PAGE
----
The most famous example, of course, is Brown vs. Board of Education
, which a number of liberal scholars have recently been deriding as a ruling that didn't change anything about segregation per se
(although it had other important effects). I've been reading Michael Klarman's excellent book, From Jim Crow to Civil Rights
, and Klarman (a judicial-review skeptic) notes that a decade after Brown
, 98 percent of African-American schoolchildren in the South still attended segregated schools. The Court simply didn't have the tools to force the change. That doesn't seem very surprising—courts can only do a couple of ham-fisted things to make people do things: either punish violators or make people pay money. Very ham-fisted. Real desegregation only began when the Civil Rights Act passed in 1964 and state and federal agencies were given specific powers to actually do something
Of course, that's less an argument for getting rid of judicial review than it is to enjoin liberal reformers to please, please stop using the courts to enact any and all social change. And I say this not because "impact litigation" often creates a backlash. You usually hear that argument trotted out—for instance, that Roe vs. Wade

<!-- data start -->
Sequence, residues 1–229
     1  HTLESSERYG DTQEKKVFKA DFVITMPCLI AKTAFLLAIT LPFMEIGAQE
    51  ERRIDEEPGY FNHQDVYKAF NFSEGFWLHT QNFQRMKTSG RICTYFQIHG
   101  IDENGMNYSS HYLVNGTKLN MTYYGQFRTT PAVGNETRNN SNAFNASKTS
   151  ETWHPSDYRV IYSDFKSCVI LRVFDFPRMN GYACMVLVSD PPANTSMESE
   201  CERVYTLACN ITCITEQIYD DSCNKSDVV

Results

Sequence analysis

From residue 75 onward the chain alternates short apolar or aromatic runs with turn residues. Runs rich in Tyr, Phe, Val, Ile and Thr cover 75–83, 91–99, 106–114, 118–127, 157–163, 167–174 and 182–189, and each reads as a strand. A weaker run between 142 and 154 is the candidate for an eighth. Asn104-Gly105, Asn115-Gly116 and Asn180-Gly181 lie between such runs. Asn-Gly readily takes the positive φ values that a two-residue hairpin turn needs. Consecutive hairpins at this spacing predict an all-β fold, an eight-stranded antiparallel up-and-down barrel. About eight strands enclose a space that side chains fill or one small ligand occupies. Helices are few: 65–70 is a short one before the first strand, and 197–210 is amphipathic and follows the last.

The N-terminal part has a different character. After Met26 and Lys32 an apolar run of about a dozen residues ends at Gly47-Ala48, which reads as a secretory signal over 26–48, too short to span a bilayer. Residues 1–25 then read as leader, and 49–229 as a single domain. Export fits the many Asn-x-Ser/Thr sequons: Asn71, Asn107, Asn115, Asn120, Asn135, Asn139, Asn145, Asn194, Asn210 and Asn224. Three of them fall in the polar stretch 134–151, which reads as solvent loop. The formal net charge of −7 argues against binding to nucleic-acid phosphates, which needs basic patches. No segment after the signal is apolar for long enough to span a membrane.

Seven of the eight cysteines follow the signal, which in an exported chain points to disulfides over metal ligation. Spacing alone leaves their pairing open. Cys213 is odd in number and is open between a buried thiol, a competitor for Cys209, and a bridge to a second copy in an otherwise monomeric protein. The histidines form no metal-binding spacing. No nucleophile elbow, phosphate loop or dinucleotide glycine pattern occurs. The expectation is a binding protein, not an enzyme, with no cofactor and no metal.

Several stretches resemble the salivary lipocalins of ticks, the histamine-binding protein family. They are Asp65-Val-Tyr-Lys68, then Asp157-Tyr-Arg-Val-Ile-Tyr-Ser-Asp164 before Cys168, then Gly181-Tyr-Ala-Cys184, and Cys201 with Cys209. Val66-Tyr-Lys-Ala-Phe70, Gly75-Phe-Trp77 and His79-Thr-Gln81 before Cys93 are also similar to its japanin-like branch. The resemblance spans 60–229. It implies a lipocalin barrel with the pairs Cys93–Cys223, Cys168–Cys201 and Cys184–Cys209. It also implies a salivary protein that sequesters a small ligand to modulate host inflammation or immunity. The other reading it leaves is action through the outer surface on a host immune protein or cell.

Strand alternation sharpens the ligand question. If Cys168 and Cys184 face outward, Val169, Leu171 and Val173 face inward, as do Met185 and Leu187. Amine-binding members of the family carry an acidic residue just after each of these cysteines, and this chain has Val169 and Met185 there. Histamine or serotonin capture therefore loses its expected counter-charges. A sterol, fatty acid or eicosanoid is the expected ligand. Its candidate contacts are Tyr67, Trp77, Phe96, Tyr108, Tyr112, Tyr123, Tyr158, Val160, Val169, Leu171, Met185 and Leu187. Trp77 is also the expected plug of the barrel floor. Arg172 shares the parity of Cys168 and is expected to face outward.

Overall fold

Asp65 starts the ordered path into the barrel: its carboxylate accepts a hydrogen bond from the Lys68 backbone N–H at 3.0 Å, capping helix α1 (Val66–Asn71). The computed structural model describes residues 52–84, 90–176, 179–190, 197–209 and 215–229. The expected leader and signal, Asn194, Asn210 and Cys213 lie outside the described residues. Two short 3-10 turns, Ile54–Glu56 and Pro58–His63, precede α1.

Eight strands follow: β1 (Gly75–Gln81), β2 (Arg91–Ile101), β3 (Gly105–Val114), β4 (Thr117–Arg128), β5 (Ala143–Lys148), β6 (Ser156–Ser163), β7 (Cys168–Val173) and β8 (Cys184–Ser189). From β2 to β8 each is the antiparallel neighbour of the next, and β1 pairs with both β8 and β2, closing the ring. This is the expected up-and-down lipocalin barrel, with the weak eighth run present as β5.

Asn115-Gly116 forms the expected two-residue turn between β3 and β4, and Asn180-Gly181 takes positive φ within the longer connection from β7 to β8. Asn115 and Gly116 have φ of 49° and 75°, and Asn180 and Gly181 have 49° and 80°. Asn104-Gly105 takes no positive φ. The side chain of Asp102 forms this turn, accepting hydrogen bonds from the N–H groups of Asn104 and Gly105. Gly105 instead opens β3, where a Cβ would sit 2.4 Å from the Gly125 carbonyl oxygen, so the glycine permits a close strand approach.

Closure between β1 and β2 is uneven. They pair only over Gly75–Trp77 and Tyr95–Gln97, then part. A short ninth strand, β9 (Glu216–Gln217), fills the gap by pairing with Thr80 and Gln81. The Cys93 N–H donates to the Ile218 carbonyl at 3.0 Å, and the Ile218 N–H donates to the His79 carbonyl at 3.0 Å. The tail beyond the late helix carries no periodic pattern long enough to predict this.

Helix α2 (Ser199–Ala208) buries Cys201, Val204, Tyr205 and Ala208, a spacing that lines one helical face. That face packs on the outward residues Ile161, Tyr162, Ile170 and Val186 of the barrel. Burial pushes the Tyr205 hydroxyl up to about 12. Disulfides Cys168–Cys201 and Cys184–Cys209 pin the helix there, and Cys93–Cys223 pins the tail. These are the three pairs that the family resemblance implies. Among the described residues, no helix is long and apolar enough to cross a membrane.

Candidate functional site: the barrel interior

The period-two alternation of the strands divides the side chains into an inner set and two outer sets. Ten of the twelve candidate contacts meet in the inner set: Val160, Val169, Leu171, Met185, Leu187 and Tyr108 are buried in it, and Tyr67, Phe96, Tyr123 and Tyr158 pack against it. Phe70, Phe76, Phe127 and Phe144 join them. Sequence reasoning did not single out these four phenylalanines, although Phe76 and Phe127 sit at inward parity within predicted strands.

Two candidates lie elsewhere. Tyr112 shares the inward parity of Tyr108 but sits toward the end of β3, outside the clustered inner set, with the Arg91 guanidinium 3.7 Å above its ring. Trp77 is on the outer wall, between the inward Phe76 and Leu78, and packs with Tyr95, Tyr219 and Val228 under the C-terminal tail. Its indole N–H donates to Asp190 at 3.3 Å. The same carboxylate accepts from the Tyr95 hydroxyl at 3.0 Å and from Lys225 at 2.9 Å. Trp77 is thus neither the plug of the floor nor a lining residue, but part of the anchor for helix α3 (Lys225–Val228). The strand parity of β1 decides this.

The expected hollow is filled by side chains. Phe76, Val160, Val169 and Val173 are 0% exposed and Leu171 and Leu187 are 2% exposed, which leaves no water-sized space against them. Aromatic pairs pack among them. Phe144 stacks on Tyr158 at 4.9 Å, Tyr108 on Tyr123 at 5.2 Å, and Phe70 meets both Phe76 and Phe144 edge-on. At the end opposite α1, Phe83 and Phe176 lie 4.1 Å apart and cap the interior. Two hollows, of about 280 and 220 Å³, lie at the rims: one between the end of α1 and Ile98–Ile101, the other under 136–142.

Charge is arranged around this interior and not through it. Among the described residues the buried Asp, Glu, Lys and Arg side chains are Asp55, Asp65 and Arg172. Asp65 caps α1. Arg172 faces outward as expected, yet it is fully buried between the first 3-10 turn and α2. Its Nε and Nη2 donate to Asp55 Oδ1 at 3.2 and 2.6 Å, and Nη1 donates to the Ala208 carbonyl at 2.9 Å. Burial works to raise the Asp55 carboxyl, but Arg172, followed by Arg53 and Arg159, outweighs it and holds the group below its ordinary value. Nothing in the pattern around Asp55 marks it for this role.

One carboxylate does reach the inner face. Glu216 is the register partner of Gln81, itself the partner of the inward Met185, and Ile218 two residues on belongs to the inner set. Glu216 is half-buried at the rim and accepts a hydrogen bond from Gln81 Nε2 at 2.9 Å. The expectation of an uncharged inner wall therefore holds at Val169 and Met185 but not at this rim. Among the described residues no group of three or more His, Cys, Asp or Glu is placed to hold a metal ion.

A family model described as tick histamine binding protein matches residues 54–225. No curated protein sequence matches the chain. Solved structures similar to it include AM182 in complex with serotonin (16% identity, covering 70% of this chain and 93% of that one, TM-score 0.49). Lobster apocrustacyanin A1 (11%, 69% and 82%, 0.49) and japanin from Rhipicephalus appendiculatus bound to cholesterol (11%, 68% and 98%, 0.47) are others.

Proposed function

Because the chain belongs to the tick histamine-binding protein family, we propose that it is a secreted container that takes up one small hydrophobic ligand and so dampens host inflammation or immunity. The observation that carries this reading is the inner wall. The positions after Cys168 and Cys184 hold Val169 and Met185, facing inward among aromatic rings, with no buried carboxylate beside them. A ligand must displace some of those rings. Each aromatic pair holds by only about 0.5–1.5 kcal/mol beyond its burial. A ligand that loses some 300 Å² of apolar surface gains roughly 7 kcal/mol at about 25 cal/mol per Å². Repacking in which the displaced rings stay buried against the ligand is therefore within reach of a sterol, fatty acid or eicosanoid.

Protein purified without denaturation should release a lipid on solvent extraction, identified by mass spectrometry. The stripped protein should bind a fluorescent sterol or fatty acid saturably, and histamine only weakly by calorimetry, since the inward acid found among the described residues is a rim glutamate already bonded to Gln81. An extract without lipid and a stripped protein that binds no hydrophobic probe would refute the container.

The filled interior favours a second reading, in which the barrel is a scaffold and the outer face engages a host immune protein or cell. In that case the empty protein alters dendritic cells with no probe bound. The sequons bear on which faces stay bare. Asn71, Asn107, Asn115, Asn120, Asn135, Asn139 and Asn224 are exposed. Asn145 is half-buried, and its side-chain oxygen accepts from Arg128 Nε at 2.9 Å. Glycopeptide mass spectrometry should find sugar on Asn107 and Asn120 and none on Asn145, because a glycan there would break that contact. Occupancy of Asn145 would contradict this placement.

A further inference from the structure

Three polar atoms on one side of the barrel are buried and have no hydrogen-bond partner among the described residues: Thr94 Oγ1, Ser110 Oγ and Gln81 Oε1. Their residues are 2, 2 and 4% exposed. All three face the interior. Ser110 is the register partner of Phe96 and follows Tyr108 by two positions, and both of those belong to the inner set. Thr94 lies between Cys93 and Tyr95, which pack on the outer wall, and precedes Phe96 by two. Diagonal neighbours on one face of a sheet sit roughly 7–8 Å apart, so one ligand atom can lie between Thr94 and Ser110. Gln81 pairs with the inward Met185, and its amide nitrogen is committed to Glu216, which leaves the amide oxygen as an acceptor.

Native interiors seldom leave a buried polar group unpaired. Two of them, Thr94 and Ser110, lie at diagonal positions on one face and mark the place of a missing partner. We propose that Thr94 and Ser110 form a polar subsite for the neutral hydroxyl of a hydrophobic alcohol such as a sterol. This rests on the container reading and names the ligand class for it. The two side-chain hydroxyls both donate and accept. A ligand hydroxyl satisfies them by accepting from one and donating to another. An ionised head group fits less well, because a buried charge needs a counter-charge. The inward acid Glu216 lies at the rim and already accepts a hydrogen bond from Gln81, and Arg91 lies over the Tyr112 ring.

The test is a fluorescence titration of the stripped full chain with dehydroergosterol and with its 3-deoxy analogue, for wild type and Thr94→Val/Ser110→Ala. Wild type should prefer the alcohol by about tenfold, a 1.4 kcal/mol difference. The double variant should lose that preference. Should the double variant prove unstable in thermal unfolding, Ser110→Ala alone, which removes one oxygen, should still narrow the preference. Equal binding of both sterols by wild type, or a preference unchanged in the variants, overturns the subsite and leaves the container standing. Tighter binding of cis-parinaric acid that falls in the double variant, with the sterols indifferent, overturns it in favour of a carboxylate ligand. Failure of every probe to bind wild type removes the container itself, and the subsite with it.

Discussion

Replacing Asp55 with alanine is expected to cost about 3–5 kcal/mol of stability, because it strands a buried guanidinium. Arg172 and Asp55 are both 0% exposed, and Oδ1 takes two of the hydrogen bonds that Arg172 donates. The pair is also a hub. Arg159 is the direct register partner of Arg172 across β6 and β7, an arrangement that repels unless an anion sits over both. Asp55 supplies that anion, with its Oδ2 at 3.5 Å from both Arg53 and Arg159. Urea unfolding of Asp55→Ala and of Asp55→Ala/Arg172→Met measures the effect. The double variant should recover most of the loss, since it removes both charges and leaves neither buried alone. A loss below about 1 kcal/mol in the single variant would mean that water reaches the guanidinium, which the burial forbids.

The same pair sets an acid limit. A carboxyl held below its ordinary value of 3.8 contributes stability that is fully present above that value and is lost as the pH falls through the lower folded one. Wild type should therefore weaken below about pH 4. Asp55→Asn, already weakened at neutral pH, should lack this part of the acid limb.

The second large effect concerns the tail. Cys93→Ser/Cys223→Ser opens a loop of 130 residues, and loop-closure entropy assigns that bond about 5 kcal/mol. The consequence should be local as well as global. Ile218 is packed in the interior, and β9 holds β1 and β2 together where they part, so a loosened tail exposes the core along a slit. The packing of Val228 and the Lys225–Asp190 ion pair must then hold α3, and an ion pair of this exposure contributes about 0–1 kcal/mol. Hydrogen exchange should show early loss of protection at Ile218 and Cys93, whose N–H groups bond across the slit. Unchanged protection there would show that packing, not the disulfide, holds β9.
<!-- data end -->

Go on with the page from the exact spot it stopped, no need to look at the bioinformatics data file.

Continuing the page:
created the rise of the "values" evangelical movement—but that's not a big concern to me. Most judicial decisions that enact sweeping social change end up creating their own legitimacy. School desegregation, or Miranda rights, are virtually unquestioned today, even though they were controversial decisions at the time. That, and not the Roe
example, seems to be the norm. The backlash usually doesn't happen.
No, the bigger problem with relying on the courts is that, as mentioned above, the outcomes are usually far different from what reformers actually intended. It's depressingly great fun to read about Common Cause, the advocacy group that went to the courts to get a favorable ruling on campaign finance, and ended up with Buckley v. Valeo
, which protected campaign cash as "free speech," and basically imploded any hope for real campaign finance reform. Common Cause has been fighting the decision ever since. You usually don't get the reform you want going through the courts, and if you do, it's likely to cause as many problems as it solves.
Um, so I actually argued two things: the liberal case against judicial review, and practical reasons for liberals not
to enact social change through the courts (or at least be selective about it!). I should say, though, that I'm not convinced that judicial review is as bad as all that, and in another post I'll try to mount a defense. Otherwise, fire away!